The Trump administration filed a lawsuit against California on Tuesday to challenge its policies protecting undocumented immigrants.

The Department of Justice sued the state of California, along with Gov. Jerry Brown and state Attorney General Xavier Becerra, in response to three state laws that administration officials say obstruct federal immigration laws and are in violation of the Constitution’s supremacy clause, which states that federal law has precedence over state legislation.

The three laws in question, all of which were signed into law within the last year, establish protections for immigrants at risk of deportation. Senate Bill 54 restricts law enforcement from notifying federal immigration agents of release dates of immigrants held in jail and Assembly Bill 103 requires the California attorney general to inspect detention facilities where immigrants facing deportation are held. Assembly Bill 450 prohibits employers from cooperating with federal immigration agents and requires employers to notify workers before federal agents conduct inspections.

Attorney General Jeff Sessions delivered a speech on Wednesday to several hundred law enforcement officers in Sacramento announcing the lawsuit.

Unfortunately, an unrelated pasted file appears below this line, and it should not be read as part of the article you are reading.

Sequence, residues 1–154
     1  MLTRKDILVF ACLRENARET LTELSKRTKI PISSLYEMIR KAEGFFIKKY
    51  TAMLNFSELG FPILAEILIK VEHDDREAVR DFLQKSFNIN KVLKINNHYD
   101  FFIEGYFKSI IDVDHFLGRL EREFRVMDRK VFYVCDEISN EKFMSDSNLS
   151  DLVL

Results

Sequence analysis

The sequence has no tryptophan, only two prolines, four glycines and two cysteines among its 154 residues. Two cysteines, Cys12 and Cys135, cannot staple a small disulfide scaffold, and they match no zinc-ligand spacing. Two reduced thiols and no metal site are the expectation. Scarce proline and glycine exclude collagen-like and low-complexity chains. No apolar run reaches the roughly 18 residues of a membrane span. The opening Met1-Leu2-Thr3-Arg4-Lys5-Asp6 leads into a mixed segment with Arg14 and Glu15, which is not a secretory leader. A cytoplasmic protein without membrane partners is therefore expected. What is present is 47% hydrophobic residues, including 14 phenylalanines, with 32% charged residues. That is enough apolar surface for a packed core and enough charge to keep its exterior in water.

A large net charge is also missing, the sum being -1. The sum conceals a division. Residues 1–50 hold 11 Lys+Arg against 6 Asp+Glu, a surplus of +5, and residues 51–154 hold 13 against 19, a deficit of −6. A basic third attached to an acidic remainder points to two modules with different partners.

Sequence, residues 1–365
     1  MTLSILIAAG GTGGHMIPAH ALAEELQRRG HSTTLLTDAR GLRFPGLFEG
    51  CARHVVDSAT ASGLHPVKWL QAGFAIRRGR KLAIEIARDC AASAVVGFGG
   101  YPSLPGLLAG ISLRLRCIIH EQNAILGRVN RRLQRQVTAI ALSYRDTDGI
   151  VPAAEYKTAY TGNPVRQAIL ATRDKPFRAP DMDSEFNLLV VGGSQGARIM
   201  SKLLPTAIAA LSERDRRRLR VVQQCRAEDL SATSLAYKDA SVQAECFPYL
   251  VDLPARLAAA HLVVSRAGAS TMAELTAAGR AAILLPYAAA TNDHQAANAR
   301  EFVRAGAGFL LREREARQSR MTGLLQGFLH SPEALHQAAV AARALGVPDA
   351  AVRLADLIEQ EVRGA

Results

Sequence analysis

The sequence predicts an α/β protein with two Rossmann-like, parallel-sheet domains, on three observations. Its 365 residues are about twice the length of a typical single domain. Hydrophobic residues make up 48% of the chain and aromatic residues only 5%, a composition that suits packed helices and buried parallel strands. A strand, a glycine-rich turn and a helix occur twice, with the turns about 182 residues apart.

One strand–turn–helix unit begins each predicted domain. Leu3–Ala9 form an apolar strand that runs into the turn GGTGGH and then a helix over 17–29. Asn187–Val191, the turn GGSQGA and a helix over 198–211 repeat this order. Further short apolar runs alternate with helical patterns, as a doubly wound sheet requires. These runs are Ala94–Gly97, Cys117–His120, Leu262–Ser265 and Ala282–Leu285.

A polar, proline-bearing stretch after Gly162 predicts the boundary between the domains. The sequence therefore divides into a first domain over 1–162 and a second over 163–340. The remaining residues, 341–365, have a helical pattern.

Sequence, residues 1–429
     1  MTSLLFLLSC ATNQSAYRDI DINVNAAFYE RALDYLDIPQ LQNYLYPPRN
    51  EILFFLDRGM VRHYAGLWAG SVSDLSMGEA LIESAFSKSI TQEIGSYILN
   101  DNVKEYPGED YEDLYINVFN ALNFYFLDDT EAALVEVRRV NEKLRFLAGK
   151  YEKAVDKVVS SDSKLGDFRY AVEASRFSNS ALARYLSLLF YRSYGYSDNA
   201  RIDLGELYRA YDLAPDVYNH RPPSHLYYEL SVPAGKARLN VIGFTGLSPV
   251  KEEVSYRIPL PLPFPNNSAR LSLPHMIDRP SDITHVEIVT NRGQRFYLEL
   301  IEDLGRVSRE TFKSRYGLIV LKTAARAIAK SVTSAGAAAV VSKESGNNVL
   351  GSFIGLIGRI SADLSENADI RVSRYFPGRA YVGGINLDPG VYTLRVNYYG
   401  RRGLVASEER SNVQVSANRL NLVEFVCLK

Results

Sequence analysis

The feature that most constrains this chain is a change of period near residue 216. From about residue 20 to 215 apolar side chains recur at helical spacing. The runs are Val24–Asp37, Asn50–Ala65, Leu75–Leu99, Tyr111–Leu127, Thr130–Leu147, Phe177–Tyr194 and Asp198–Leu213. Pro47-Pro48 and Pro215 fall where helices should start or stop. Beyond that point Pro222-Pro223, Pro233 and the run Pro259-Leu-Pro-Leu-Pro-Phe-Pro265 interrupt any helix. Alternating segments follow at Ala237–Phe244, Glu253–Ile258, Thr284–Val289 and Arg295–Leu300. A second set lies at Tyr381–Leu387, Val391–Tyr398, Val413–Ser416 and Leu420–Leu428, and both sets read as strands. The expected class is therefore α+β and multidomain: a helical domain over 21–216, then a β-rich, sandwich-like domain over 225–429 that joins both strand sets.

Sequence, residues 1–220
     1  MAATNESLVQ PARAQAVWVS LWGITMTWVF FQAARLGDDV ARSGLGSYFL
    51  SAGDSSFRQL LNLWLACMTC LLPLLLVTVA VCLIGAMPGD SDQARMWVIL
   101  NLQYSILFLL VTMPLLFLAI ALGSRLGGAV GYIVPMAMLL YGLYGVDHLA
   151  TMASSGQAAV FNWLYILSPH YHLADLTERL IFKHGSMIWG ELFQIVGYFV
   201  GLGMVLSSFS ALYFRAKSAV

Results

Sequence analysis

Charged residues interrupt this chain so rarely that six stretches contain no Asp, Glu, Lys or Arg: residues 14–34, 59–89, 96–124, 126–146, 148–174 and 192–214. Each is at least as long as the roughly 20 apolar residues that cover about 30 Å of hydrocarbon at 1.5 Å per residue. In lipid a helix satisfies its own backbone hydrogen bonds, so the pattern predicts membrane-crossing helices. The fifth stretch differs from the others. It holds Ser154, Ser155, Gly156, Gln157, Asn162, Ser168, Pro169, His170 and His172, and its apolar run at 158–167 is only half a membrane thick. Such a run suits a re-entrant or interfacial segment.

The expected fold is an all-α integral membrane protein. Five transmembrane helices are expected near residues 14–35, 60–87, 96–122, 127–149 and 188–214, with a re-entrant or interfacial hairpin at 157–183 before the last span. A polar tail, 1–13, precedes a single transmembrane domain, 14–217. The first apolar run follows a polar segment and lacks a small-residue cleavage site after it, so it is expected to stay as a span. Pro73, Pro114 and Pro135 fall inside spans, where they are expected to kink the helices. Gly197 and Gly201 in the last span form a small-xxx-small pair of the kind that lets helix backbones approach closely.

“A refusal to apprehend and deport those, especially the criminal element, effectively rejects all immigration law and creates an open-borders system,” Sessions said in his speech. “The law is in the books, and its purpose is clear. There is no nullification. There is no secession. Federal law is ‘the supreme law of the land.’”

Sessions’ speech was met with a protest of few hundred people in Sacramento. The lawsuit also prompted backlash from Gov. Brown, who stated “the attorney general is igniting a reign of terror” against immigrants in a news conference following Sessions’ speech.

“This is basically going to war against the state of California, the engine of the American economy,” Brown said at the news conference. “It’s not wise, it’s not right and it will not stand.”

The lawsuit may be the first of more to come, as officials from the Department of Justice said they would not rule out the possibility of lawsuits against other states and localities that have enacted sanctuary legislation to protect immigrants from federal action.